This bill, which is on the fast track to passing in Congress, is so bad for free speech, the freedom of the internet, and the people who use it, that I’m baffled that Congress would even consider passage. But then I remember that Congress thinks pulling Americans off the streets and imprisoning then indefinitely, without knowing what they are accused of or by who was a wonderful enough idea to pass. Does this sound like America to you — well we’re swiftly becoming one of those countries who violate human rights and repress their people.
I’ve already signed petitions and written to my representatives begging them not to pass this legislation. Please join the fight for freedom in America and ask your representatives to vote NO on these two pieces of legislation.
The script that marked this post as censored on Nov. 22 has expired. I’d put up the script to direct readers to sign a petition that would be delivered to congress to express dismay (use stronger language if you wish) that they intended to pass a law that would have taken websites off-line if any one page on the site had a link or info that was considered in violation of copyright no matter whether that link or info was in comments or written by the site owner. To make it even more appalling is would be similar to the take downs currently in place for music and video — no real checks to make sure it was a valid request for removal and very little info on how to get the site restored if the take down was deemed in error. It’s a bad law all around that only works for corporations not for the 99%.
The petition got a lot of attention and now the supporters of the bill are calling it a jobs bill rather than what it is — a censorship bill.
We’ll be heading to Readercon this weekend. Readercon is one of the few conventions that I attend each year. SFRevu has a table in the dealers’ room — our semi-annual book sale to clear out our basement actually so if you’re there stop by the table for a chat.
Here’s my schedule:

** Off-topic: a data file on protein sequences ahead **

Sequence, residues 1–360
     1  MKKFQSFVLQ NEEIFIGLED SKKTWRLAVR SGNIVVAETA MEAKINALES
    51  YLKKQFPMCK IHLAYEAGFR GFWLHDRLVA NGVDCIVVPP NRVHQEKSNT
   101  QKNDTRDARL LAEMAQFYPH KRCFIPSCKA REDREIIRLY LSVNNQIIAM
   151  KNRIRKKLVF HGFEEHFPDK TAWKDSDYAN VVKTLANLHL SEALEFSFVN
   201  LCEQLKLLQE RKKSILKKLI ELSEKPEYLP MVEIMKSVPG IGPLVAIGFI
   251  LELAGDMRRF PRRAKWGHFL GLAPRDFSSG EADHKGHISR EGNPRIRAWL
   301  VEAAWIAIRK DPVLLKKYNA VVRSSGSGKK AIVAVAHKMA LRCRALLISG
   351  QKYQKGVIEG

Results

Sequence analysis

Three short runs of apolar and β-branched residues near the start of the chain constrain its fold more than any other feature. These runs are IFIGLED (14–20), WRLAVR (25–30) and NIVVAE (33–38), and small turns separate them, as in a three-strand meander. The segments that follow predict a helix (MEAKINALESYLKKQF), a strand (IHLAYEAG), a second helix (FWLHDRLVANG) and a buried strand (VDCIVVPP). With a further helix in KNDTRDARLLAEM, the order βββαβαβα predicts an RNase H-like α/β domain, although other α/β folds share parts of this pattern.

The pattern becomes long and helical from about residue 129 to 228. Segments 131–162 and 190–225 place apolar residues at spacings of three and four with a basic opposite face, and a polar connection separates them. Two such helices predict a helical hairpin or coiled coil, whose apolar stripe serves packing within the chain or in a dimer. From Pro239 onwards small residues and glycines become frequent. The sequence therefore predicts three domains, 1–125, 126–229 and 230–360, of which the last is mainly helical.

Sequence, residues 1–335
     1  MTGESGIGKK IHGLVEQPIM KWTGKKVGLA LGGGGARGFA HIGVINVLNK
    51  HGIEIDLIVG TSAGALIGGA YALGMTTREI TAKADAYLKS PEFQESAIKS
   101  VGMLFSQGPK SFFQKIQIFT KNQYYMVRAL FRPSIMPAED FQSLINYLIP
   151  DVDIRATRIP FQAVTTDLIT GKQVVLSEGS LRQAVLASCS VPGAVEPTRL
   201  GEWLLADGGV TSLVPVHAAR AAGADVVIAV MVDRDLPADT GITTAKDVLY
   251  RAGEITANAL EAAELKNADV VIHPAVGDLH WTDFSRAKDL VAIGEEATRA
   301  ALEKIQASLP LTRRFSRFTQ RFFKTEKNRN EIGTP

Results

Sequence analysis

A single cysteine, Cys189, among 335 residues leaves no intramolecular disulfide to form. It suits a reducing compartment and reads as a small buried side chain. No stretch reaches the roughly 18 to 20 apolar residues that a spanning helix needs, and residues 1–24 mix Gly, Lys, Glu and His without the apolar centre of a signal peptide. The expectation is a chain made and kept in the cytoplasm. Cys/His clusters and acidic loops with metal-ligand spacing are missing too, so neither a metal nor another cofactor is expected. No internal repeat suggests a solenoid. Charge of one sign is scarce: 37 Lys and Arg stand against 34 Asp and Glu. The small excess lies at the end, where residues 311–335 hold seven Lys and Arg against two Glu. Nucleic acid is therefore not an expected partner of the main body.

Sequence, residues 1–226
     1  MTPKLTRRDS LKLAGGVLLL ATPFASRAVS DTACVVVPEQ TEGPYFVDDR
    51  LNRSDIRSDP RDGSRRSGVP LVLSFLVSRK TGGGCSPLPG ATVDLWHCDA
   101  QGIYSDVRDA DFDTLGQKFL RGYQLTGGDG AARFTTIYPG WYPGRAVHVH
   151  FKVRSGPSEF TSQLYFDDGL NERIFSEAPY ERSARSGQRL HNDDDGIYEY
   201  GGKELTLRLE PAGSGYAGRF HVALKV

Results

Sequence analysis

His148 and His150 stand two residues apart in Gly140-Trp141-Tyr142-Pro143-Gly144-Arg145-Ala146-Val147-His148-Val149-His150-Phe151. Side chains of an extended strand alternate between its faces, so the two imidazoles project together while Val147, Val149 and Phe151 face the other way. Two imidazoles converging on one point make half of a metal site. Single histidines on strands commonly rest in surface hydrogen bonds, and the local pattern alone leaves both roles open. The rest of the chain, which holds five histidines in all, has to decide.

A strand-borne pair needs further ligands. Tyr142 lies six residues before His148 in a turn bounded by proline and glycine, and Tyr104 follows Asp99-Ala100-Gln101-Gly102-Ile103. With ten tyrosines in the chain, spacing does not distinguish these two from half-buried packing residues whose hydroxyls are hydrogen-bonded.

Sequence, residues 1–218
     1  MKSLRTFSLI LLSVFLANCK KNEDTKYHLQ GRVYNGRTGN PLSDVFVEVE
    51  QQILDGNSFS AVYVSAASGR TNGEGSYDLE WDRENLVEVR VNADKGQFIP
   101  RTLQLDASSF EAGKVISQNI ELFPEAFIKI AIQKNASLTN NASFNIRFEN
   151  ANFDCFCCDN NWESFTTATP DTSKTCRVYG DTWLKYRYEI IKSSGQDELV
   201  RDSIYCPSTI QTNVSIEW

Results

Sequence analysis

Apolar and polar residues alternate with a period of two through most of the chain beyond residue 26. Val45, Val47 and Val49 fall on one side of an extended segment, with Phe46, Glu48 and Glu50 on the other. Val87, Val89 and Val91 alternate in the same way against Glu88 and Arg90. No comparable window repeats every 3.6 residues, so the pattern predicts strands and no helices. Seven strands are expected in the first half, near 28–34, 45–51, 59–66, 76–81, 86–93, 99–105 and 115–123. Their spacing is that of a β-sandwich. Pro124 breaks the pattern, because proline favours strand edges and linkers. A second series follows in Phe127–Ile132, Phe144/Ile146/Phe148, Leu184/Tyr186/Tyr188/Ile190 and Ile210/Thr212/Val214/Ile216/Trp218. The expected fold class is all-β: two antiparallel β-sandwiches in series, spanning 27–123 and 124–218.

Friday: 12:00 PM G And They Lived Happily Ever After, Until They Died: Retelling Russian Folktales. Patricia McKillip, Gayle Surrette (leader). Ekaterina Sedia’s The Secret History of Moscow, Catherynne M. Valente’s Deathless, Patricia McKillip’s In the Forests of Serre… it appears we’re in the middle of a renewed interest in fairy tale retellings—and specifically, postmodern, genre-challenging fairy tale retellings—based in the folklore of Russia. Is there a specific element to Russian stories that makes them particularly fit for contemporary adaptation?
Saturday: 7:00 PM ME The One Right Form of a Story. Judith Berman, Marilyn “Mattie” Brahen, John Langan, Meghan McCarron, Gayle Surrette (leader). Quoth Mark Twain: “There are some books that refuse to be written…. It isn’t because the book is not there and worth being written—it is only because the right form of the story does not present itself. There is only one right form for a story and if you fail to find that form the story will not tell itself.” Anyone who has adapted a fairy tale for a poem or developed a short story into a novel might disagree, yet many authors have also spent years chasing stories that evade capture until they’re approached in just the right way. What makes some stories easygoing and others stubborn? Is the insistence on a story “telling itself” a red herring? And what does “form” really mean here?
Hyperion and I look forward to meeting our readers and making new friends.
SFRevu June 2011 now Online
Senior Editor: Gayle Surrette
Editor Emeritus: Ernest Lilley
Associate Editor, US: Paul Haggerty
Associate Editor, UK: John Berlyne